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Filling Health Care Gaps to Prevent Suicides in Michigan

Suicide is the tenth leading cause of death in the United States—and suicide rates are on the rise in almost every state.1 But communities and health systems are working together to help intervene.

In 2001, Henry Ford Health System (Henry Ford) in Detroit, Michigan set out to eliminate suicides in its behavioral health system. Their goal of “zero suicides” became the foundation for the Zero Suicide initiative, which is now supported by the Suicide Prevention Resource Center (SPRC) and used by health care systems across the Nation. Since implementing this framework, Henry Ford has maintained a significantly reduced suicide rate in patients who come through the doors of its facilities.2

Paving the Way for Zero Suicide

Dr. Brian Ahmedani, Director of Research, Behavioral Health Sciences at Henry Ford, knew it was a bold goal. “We wanted ‘perfect care’—and to us, that meant zero suicides,” he says. “But there wasn’t a lot out there that showed us how to do it.” So Ahmedani and his colleagues decided to incorporate suicide prevention into every level of the health system over time.

What they came up with was the Perfect Depression Care Zero Suicide Initiative. This initiative informed the development of the nationwide Zero Suicide framework—and became the first program in the United States linked to significant decreases in suicides among behavioral health patients.3

Building a Comprehensive Suicide Prevention Framework

Since mental health treatment is so often siloed within the health care system, Henry Ford’s integrated approach to suicide prevention was really a departure from the status quo. Julie Goldstein Grumet, SPRC’s Director of Health and Behavioral Health Initiatives, says the integration piece is key. “The bottom line is that the health care system as a whole is not prepared to prevent suicides.”

Ahmedani agrees, and stresses that providers often don’t receive adequate suicide prevention training. Conventional suicide prevention efforts tend to use specialized interventions once a patient is at immediate risk. But when Henry Ford looked at its own system, it was clear that patients dying from suicide often weren’t making it to these services.

“Patients who weren’t formally diagnosed with a mental health disorder or identified as having risk factors for suicide were slipping through the cracks,” says Ahmedani. “Now, when a patient arrives with a mental health issue or any risk factors for a mental health condition, we automatically classify them as at-risk for suicide and begin collaborative prevention efforts.”

Success by the numbers

Data from Henry Ford Health System show that the Zero Suicide framework can successfully and significantly reduce suicide rates.

Since the initiative was first implemented in 2001, the suicide rate in behavioral health patients at Henry Ford:

  • Decreased by 75% in the first 4 years post implementation4
  • Dropped to zero suicides for an 18-month period from 2009 to 20105

Additionally, between 1999 and 2010, average suicide rates for members of the Henry Ford health maintenance organization health plan were stable, while the average suicide rate for the state of Michigan significantly increased.4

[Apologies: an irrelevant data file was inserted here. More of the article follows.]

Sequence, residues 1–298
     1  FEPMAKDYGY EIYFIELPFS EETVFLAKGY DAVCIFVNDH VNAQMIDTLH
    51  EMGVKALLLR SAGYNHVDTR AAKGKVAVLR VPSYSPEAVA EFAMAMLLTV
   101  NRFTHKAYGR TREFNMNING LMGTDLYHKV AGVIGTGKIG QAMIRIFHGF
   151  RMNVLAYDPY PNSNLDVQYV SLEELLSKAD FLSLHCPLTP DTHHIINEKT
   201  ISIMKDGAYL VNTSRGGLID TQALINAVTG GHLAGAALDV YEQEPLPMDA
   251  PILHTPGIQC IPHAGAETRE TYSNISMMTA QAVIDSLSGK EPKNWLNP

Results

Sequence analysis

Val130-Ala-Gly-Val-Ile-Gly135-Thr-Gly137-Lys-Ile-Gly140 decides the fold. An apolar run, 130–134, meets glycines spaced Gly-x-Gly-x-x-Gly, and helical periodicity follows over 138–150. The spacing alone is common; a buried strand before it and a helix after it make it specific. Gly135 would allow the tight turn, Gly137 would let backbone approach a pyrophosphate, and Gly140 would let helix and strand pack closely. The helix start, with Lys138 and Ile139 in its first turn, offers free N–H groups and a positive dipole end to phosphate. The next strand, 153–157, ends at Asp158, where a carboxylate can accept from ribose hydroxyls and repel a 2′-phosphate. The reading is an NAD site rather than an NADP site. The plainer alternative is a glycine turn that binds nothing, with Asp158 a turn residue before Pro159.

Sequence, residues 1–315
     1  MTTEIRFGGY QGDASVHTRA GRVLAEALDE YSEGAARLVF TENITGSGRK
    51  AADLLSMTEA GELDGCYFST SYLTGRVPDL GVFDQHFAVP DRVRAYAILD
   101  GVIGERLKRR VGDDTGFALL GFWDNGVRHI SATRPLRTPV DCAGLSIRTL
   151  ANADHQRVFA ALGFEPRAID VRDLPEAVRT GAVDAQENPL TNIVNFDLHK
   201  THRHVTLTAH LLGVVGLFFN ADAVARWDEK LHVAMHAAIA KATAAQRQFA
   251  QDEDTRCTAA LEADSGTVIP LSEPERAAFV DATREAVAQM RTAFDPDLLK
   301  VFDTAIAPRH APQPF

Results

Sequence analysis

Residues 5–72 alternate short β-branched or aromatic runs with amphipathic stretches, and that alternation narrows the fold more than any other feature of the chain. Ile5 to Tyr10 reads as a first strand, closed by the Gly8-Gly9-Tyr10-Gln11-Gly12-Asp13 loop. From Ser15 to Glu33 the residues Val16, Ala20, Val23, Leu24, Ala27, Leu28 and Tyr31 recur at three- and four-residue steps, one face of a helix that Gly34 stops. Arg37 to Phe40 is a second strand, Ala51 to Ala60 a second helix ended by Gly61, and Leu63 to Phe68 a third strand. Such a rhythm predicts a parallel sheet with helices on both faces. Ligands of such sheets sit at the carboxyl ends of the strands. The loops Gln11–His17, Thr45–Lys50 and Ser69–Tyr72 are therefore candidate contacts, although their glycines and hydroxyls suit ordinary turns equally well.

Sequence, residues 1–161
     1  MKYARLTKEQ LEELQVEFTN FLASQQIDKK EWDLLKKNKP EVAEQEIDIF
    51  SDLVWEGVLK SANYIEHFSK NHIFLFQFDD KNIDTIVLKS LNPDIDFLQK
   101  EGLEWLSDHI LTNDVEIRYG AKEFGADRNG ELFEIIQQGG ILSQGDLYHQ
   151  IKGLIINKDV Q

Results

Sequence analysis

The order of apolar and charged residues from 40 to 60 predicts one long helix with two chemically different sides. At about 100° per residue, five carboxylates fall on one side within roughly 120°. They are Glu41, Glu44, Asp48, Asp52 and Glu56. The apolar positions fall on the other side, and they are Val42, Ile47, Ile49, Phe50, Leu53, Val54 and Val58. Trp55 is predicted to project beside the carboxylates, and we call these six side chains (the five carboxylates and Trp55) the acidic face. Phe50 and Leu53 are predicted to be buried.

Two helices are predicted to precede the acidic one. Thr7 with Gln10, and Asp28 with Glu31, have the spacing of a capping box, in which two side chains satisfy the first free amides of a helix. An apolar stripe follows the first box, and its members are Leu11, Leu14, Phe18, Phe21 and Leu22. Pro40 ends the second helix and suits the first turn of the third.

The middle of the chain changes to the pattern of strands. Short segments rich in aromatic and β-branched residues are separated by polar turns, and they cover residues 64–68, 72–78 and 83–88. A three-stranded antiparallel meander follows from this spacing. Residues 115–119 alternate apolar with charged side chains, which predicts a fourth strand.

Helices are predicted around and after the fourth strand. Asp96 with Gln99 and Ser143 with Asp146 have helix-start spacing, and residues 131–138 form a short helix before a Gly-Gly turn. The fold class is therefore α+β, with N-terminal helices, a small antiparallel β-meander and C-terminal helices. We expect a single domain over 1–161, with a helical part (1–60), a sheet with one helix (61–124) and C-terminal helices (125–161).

Prioritizing Suicide Prevention in the Health Care System

Ahmedani explains that a major barrier to suicide prevention is the commonly held belief that suicide isn’t actually preventable. “There’s a stigma to suicide prevention among clinicians,” he says. “People don’t believe that it’s possible, or they believe that it’s too difficult—they think we’re better off focusing on other high-profile medical conditions, like cancer.”

The field of suicide prevention research is only about 20 years old—much more recent than research on prevention programs for other medical conditions. “Great suicide prevention research is happening,” says Goldstein Grumet. “But we need more—we need to show the country that suicide is preventable.”

Looking Ahead

Ahmedani and Goldstein Grumet hope to see the Zero Suicide framework adopted by even more health care systems across the country. Kerri Nickerson, SPRC’s Director of Grantee and State Initiatives, encourages public health professionals to think about how to improve suicide prevention efforts at the community level, too. “We know that many individuals who have died by suicide didn’t have a known mental health condition at the time of their death and may not have touched a health care system—that’s why we all need to play a role in suicide prevention,” says Nickerson.

On the horizon for Zero Suicide and SPRC is an evaluation study that will measure the success of the initiative across 6 diverse health systems from around the country. Over 1,000 health organizations have adopted the Zero Suicide framework, but Henry Ford and SPRC agree that there’s still a lot of work to be done.

“The national suicide rate is still rising,” Ahmedani says. “We celebrate our program’s victories, but every day is a new opportunity—and we have a long way to go.”

1 https://www.cdc.gov/vitalsigns/suicide/index.html

2 https://www.ncbi.nlm.nih.gov/pubmed/25607598

3 https://projectreporter.nih.gov/project_info_description.cfm?aid=9692061&icde=45006703&ddparam=&ddvalue=&ddsub=&cr=2&csb=default&cs=ASC&pball

4 https://www.ncbi.nlm.nih.gov/pubmed/20483962

5 Data provided by Henry Ford Health System.

Date Posted:
Organization Name: Zero Suicide
Healthy People 2020 Topic Area(s) addressed: 
Healthy People 2020 Objective(s) addressed: 
Year: 
2019
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